U.S. charges SK Madison commodity pool executives with fraud
* Charges unsealed on Wednesday
* Deception alleged over SK's track record, investments
By Jonathan Stempel
NEW YORK, July 30 (Reuters) - Two principals of now-defunct SK Madison Commodities LLC have been criminally charged with fraudulently soliciting more than $1.3 million from investors for their Manhattan-based commodities pool, and pocketing $700,000 for themselves.
Former President Michael James Seward, 35, of Largo, Florida, was charged with commodities fraud, securities fraud, wire fraud and conspiracy. His business partner Yan Kaziyev, 36, of Jamaica, New York, pleaded guilty last month to the same charges and agreed to cooperate with prosecutors.
The charges, which had been previously sealed, were announced on Wednesday by U.S. Attorney Preet Bharara in Manhattan.
Seward is detained in Florida on unrelated state felony charges, Bharara said. A lawyer for Seward could not immediately be located. A federal public defender representing Kaziyev did not immediately respond to a request for comment.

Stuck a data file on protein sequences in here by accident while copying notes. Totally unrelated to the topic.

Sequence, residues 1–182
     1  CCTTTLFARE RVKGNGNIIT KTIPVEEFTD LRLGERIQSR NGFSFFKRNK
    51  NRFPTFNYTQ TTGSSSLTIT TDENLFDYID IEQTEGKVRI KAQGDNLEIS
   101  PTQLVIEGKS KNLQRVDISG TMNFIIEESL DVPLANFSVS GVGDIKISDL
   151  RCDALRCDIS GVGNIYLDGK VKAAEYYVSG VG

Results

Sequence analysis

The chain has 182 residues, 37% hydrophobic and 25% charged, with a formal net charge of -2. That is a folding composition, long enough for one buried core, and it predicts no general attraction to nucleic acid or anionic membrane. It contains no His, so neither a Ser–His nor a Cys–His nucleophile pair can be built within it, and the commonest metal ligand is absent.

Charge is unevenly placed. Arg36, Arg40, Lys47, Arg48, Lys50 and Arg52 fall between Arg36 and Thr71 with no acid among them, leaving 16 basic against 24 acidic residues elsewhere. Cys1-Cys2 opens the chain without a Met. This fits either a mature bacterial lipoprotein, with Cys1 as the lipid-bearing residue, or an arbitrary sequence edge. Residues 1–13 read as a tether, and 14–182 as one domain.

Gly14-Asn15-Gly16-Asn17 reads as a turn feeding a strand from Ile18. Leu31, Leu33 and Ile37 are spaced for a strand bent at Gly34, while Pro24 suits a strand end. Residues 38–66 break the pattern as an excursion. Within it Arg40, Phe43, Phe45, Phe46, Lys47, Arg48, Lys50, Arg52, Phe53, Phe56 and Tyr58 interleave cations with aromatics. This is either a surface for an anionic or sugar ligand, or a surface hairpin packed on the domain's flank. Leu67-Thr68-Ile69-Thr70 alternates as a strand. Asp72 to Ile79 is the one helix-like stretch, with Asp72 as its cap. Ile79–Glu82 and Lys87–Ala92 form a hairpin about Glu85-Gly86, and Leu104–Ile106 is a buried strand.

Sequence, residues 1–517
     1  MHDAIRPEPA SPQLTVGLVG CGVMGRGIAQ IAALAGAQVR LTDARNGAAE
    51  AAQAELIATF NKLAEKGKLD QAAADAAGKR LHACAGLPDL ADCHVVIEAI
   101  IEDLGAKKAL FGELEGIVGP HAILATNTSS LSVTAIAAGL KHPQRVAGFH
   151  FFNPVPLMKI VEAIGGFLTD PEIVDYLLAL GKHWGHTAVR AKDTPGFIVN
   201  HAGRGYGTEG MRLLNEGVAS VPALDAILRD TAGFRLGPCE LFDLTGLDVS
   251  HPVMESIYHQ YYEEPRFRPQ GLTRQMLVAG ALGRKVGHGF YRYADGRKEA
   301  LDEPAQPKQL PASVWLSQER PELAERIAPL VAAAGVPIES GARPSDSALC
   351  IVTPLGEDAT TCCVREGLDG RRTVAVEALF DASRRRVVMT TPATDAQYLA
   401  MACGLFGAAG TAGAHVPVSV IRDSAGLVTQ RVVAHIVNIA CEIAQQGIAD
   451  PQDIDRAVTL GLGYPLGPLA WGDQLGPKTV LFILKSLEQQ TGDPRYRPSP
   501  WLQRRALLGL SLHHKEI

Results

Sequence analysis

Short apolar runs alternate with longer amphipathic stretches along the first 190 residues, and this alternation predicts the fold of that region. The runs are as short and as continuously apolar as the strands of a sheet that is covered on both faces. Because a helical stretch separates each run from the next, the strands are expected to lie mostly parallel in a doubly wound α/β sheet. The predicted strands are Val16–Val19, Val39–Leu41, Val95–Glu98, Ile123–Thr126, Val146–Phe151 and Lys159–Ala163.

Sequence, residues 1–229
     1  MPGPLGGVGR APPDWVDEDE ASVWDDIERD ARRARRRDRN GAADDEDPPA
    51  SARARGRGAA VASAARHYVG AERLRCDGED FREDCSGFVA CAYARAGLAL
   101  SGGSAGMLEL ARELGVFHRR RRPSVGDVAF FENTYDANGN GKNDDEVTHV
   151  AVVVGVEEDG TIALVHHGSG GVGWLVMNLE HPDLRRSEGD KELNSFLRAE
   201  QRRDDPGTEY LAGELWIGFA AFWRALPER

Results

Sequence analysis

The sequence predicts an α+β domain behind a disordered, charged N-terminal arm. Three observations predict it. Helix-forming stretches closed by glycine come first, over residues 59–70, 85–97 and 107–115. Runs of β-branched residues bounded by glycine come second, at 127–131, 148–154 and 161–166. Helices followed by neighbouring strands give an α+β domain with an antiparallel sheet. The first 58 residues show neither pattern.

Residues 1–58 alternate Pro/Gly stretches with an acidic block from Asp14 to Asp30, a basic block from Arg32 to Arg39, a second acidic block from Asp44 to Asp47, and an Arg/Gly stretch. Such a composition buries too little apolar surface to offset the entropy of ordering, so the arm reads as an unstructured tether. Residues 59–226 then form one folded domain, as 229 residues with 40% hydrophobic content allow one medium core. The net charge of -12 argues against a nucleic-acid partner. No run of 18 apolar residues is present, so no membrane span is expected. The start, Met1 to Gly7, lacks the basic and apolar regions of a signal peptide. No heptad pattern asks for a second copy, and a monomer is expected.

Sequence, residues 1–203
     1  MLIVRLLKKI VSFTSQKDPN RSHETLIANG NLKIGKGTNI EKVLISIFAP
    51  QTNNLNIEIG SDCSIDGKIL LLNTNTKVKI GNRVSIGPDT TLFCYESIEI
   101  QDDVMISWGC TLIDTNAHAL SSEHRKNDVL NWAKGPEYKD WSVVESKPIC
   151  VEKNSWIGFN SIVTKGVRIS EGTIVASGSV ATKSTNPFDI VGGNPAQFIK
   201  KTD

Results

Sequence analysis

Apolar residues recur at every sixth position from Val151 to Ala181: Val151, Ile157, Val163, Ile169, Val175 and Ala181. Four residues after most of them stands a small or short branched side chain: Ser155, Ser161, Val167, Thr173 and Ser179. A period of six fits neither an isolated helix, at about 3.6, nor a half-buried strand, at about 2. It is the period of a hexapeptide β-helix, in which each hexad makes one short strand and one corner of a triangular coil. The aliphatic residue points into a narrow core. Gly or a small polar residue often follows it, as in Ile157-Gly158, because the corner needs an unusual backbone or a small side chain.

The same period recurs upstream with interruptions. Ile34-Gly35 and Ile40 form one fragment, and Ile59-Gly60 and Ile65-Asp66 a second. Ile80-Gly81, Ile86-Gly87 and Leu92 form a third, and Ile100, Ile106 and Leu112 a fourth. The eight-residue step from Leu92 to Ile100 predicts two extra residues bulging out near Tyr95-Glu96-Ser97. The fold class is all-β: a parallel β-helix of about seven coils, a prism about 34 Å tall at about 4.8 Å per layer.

Prosecutors said that from July 2011 to May 2013, the defendants lured investors by inflating their pool's profits and lying about how money would be used, including for a nonexistent investment in an Internet social media company.
When regulators in 2013 began questioning the defendants' withdrawals from SK Madison's accounts, Seward and Kaziyev said the sums reflected "commissions" earned from trades, when in fact the were not, prosecutors said.
"Under the guise of a profitable commodity trading pool and an investment in a social media company, the defendants failed to do anything except steal from those who trusted them," George Venizelos, assistant director in charge of the FBI's New York office, said in a statement.
The U.S. Commodity Futures Trading Commission last month won a default judgment directing SK, Seward and Kaziyev to pay a $2.49 million civil fine and $1.04 million in restitution. More than $500,000 of funds in the pool had been previously frozen.
Each securities fraud and wire fraud charge carries a maximum prison term of 20 years.
The case is U.S. v. Seward, U.S. District Court, Southern District of New York, No. 14-cr-00482. (Reporting by Jonathan Stempel in New York; Editing by Dan Grebler)